Ki no Tsurayuki

Ki no Tsurayuki


Born
Japan
Died
June 10, 0945


Ki no Tsurayuki (紀 貫之, 872 – June 30, 945) was a Japanese author, poet and courtier of the Heian period. He is best known as the principal compiler of the Kokin Wakashū and as a possible author of the Tosa Diary, although this was published anonymously.

Tsurayuki was a son of Ki no Mochiyuki. In the 890s he became a poet of waka, short poems composed in Japanese. In 905, under the order of Emperor Daigo, he was one of four poets selected to compile the Kokin Wakashū, the first imperially-sponsored anthology (chokusen-shū) of waka poetry.

After holding a few offices in Kyoto, he was appointed the provincial governor of Tosa province and stayed there from 930 until 935. Later he was presumably appointed the provincial governor of Suo province,
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Average rating: 3.91 · 639 ratings · 37 reviews · 11 distinct works
The Tosa Diary

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3.25 avg rating — 116 ratings — published 935 — 11 editions
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Kokinshu: A Collection of P...

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4.30 avg rating — 60 ratings — published 905 — 4 editions
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土佐日記 蜻蛉日記 紫式部日記 更級日記

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Log of a Japanese Journey f...

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The Kokin Wakashu in Japane...

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Log of a Japanese Journey f...

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土佐日記 貫之集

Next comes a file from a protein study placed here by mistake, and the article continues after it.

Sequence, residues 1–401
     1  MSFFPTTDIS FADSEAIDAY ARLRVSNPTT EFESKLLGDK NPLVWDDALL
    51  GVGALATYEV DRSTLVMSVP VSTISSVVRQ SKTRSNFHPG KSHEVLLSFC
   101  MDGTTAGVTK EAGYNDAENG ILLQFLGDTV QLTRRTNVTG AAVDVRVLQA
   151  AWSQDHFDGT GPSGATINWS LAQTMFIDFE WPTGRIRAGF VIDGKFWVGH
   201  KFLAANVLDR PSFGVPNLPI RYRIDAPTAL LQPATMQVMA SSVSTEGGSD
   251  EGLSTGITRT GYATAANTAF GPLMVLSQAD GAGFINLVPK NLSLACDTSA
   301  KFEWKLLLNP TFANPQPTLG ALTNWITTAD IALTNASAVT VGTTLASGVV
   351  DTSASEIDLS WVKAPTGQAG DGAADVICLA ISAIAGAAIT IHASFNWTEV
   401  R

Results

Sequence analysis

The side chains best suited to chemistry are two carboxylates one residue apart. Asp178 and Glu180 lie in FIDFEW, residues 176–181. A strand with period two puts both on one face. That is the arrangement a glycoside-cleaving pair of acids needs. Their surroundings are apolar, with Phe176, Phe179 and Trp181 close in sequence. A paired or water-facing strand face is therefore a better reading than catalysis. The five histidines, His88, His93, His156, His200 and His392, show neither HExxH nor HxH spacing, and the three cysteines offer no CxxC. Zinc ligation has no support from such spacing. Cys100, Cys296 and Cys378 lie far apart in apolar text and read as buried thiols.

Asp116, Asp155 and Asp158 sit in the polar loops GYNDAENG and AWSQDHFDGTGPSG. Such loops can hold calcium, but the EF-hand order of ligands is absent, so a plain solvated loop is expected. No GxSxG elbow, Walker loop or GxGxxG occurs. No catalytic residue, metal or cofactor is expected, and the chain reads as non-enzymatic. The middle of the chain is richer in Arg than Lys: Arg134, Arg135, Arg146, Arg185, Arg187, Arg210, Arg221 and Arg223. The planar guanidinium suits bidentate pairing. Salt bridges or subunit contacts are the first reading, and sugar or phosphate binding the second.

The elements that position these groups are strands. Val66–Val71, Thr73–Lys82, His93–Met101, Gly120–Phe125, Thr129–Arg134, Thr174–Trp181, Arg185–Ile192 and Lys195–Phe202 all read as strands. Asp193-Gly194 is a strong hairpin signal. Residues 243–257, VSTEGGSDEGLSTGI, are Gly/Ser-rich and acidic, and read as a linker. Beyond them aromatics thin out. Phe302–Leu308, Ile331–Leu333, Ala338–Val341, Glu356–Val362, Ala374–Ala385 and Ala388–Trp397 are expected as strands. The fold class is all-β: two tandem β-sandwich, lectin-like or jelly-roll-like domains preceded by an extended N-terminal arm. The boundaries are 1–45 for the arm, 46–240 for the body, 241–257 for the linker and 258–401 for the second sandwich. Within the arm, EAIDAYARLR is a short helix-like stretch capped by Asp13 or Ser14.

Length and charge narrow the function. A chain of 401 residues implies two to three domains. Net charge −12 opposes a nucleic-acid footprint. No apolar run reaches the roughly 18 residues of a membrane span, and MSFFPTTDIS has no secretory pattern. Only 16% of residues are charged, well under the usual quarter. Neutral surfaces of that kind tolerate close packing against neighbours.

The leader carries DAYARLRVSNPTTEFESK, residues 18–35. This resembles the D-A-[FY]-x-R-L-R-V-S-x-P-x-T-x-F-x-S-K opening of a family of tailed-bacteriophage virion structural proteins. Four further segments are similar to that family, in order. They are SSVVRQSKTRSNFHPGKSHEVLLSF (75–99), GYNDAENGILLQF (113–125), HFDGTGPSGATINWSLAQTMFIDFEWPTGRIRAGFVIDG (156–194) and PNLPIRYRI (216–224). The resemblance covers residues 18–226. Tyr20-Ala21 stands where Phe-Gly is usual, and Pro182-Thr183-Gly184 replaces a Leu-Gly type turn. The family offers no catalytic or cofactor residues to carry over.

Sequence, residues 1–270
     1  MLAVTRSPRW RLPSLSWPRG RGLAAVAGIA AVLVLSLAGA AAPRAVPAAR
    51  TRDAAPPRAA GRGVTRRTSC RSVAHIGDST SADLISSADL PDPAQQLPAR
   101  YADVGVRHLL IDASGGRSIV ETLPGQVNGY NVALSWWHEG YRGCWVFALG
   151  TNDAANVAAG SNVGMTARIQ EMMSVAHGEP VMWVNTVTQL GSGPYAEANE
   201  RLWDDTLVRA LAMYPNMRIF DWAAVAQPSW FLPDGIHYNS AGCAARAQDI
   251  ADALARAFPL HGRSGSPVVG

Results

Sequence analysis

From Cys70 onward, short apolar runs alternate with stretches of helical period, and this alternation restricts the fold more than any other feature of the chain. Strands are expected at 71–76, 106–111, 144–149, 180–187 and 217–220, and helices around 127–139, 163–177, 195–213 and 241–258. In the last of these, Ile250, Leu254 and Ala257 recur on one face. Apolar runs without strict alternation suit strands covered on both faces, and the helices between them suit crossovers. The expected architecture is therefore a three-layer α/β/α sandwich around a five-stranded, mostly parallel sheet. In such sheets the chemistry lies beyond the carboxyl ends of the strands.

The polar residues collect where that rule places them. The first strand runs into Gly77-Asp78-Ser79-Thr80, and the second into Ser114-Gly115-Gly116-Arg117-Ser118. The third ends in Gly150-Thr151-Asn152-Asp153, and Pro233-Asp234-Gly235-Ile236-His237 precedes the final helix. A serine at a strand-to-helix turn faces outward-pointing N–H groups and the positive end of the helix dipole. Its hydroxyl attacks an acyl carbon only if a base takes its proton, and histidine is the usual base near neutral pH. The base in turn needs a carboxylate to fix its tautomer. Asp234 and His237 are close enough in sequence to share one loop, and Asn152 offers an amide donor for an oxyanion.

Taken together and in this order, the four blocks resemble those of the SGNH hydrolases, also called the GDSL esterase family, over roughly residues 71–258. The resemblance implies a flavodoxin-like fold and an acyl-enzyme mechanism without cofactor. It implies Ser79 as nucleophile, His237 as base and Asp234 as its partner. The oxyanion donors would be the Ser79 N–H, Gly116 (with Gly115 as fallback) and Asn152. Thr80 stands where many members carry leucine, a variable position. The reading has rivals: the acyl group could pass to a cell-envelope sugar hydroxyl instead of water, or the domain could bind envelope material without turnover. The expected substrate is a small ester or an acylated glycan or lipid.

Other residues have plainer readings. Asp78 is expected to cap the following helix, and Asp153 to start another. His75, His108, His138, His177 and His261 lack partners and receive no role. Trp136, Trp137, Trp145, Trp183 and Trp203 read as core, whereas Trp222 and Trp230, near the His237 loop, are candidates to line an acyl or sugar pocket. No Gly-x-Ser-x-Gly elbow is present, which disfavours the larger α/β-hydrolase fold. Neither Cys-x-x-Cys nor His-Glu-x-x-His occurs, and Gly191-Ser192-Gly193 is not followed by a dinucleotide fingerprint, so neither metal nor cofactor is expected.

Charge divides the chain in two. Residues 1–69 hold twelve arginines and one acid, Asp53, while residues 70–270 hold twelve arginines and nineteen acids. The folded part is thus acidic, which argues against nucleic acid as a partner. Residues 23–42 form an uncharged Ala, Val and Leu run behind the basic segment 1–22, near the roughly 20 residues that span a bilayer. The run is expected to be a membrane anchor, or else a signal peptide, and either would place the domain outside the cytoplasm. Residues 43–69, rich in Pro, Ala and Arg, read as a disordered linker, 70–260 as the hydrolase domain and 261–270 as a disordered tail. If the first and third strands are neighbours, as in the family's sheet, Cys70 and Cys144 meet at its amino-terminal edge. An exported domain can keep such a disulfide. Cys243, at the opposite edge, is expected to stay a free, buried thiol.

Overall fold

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Japansk lyrik för tusen år ...

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3.75 avg rating — 4 ratings — published 1953
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Anthology of Japanese Liter...

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4.01 avg rating — 486 ratings — published 1955 — 18 editions
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Ise Monogatari: The Tales o...

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3.76 avg rating — 127 ratings — published 1900 — 9 editions
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More books by Ki no Tsurayuki…
“The songs of Japan take the human heart as their seed and flourish as myriad leaves of words. As long as they are alive to this world, the cares and deeds of men and women are endless, so they speak of things they hear and see, giving words to the feelings in their hearts. Hearing the cries of the warbler among the blossoms or the calls of the frog that lives in the waters, how can we doubt that every living creature sing its song? Not using force, it moves heaven and earth, makes even the unseen spirits and gods feel pity, smoothes the bonds between man and woman, and consoles the hearts of fierce warriors-such a thing is poetry.”
Ki no Tsurayuki, Anthology of Japanese Literature: From the Earliest Era to the Mid-Nineteenth Century

“En tunne enää
ystäväni sydäntä.
Vain luumunkukat
yhä tuoksuvat niin kuin
tuoksuivat kerran ennen.”
Ki no Tsurayuki

“Once again 'the passenger' spoke, lamenting that (the voyage) had lasted into this month, and for the many hardships they had endured, to which the others agreed. Out of the fullness of his heart he recited this: Though the days in spring Grow as long as is the rope Used to tow our boat, Forty days we've spent,—maybe Fifty days upon the sea. People who hear this will say to themselves that this kind of stuff is very poor. But the passenger produced it with a good deal of difficulty and thought it pretty good; so they should stop whispering such cruel things about it.”
Ki no Tsurayuki, The Tosa Diary

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